It's a widely held belief that grieving comprises five stages: denial, anger, bargaining, depression and acceptance.
But no one said you have to suffer these in silence. The next time you’re left lonely and ready to burn those photos of your ex, add these tunes to your pyre playlist.
It might not take off the sting, but at least your neighbors won’t hear you sobbing.
10. “Have a Drink On Me,” AC/DC
Remember the days before your relationship? Staying out late, carousing with pals, waking up who knows where with who knows whom? Dust off your favorite shirt (the one your ex hated), and call up the thunder from down under. You’ve gone through the trenches of heartache; heed the advice of your Aussie rocker friends. It’s time to cut loose. Just be sure to leave your cell phone at home. You’ll be out with everyone you need to be with, and you don’t need the drunk-dial temptation.
09. “Everybody Hurts,” R.E.M.
How to finish getting over someone: Step one, get an acoustic guitar; step two, perform this song; step three, repeat as needed. Who knows? Your sensitive, acoustic fiddling might even catch the attention of someone new.
08. “Estranged,” Guns N’ Roses
One of the Use Your Illusion set’s epic tracks, there’s no real chorus or structure. Much like your life post-breakup. With motifs all over the place, the only consistency is Slash’s torch-through-butter tone. Axl’s vocals say a lot about the desperation of loneliness, but Slash is the anchor here. Now you know why most guitarists sleep with their axes.
07. “Dear Lover,” Social Distortion
You could write a cathartic letter to your ex, seeking closure, but it will likely turn into a pathetic, tear-stained plea for return. Better leave things in the hands of professionals, like the aplomb Mike Ness. Ness’s stoic vocals and driving guitar offer the most painful lesson of love: it sucks, but you soldier on.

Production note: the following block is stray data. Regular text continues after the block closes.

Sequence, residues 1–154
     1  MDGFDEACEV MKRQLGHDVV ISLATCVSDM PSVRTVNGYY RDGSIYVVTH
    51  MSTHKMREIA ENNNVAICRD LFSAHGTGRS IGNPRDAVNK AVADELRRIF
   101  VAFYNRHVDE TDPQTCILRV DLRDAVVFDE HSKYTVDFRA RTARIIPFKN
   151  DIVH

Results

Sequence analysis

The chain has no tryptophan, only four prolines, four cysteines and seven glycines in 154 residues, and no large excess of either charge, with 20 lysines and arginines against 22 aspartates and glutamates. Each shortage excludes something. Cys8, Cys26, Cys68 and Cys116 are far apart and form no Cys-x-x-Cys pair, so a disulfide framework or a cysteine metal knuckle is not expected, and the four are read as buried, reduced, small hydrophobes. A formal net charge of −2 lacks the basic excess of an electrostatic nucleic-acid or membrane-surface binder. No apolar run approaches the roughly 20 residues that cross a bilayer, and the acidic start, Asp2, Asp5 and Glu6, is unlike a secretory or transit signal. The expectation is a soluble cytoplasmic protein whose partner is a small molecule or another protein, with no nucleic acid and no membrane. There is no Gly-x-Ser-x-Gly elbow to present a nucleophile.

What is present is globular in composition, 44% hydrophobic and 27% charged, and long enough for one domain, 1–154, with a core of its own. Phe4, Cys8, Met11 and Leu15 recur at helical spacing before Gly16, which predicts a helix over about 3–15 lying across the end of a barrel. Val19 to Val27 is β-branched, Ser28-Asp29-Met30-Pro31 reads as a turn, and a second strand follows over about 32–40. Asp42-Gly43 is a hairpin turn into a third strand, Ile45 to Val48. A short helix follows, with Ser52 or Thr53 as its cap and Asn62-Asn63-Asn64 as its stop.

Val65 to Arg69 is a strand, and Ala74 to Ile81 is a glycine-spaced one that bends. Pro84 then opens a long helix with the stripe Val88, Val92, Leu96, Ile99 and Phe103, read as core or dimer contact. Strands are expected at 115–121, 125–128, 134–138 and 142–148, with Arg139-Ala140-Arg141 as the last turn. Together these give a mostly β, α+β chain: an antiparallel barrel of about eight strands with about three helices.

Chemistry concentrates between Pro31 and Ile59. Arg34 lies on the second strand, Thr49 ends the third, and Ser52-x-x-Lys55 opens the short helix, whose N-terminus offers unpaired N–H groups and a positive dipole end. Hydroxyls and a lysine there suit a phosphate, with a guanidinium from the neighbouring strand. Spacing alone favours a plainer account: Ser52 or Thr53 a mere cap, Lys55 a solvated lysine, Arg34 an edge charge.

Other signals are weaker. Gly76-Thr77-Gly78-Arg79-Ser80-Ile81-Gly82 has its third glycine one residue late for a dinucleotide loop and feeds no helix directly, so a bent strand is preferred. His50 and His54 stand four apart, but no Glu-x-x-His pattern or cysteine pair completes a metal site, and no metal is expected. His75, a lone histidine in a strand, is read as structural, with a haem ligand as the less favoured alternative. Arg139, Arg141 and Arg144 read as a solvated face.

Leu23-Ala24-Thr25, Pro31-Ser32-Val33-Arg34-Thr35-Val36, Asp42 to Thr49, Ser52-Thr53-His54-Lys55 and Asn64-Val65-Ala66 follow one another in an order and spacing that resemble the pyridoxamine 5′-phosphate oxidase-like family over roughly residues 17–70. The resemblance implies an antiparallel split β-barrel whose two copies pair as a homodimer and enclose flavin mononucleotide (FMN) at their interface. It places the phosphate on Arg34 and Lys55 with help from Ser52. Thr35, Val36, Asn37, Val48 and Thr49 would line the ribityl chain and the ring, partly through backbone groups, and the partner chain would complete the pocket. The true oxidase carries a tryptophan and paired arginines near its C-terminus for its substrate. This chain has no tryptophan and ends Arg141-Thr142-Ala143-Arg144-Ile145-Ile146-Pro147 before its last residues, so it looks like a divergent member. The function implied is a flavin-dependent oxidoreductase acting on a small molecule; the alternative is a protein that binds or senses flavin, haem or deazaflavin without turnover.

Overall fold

06. “Don’t Know What You Got,” Cinderella
Dig back to the days of big hair and spandex (seriously, lots of spandex). The fashion may be dated, but those Eighties’ rockers knew a thing or two about love, hence the power ballad. Though often overlooked for chart-toppers like “Every Rose Has It’s Thorn,” and “I’ll Be There For You,” Cinderella’s gem off Long Cold Winter contains one of the most profoundly simple refrains in all of rock. Plus, Tom Kiefer’s voice sounds how you feel: torn, guttural, and edgy.
05. “I Hate Myself For Loving You,” Joan Jett & the Heartbreakers
It’s inevitable; that anger is going to turn inward. You know you’re in safe company, however, when even the high priestess of rock can relate to your woes. By the end, you’ll wish you wrote the song, just so you could play it outside your former lover’s window. At the least, you can air guitar to Mick Taylor’s blistering solo – and go ahead and sing along; you deserve it.
04. “Mistreated,” Deep Purple
No matter what happened, it’s your ex’s fault. Listen to Richie Blackmore bend, pull, and twist his Strat in all manner of bluesy wails while David Coverdale responds in tormented kind. The studio version is found on Burn, but for the truly despondent, go for the extended live cut from California Jamming. Blackmore’s guitar sounds like Cupid dying.
03. “Battery,” Metallica
In the immortal words of Howard Beale, “you’ve got to get angry!” It’s an essential part of the grieving process. Preferably, you’ll want a heavy bag with your ex’s picture taped to it. Put on the opening track from Master of Puppets and let James, Kirk, and the boys take it from there. Just remember in real life there are restraining orders, so keep your ire limited to punching bags and heavy metal.
02. “On Every Street,” Dire Straits
Though the title-track off Dire Straits last album may not be an overt lament, its sentiment is perfectly apt for the longing and desperation following heartache. Guitarist Mark Knopfler carried a knack for clever, read-between-the-line lyrics throughout the band’s career, so it’s not surprising that while “On Every Street” may describe the vain efforts of a detective, we get the “face” he’s looking for is more than just a missing woman. The blistering pedal-steel crescendo at the end brings it all to a powerful climax.
01. “Love Song,” The Cure
Nigel Tufnel called D minor the saddest of all keys. A minor is a close second. And in the hands – literally – of The Cure’s perennially morose guitarist and frontman, Robert Smith, it captures the biting agony of love, unrequited or not. You may be lost, confused, in absolute mental disarray, but you’d be hard-pressed to find better empathy than Smith and company’s only top ten hit.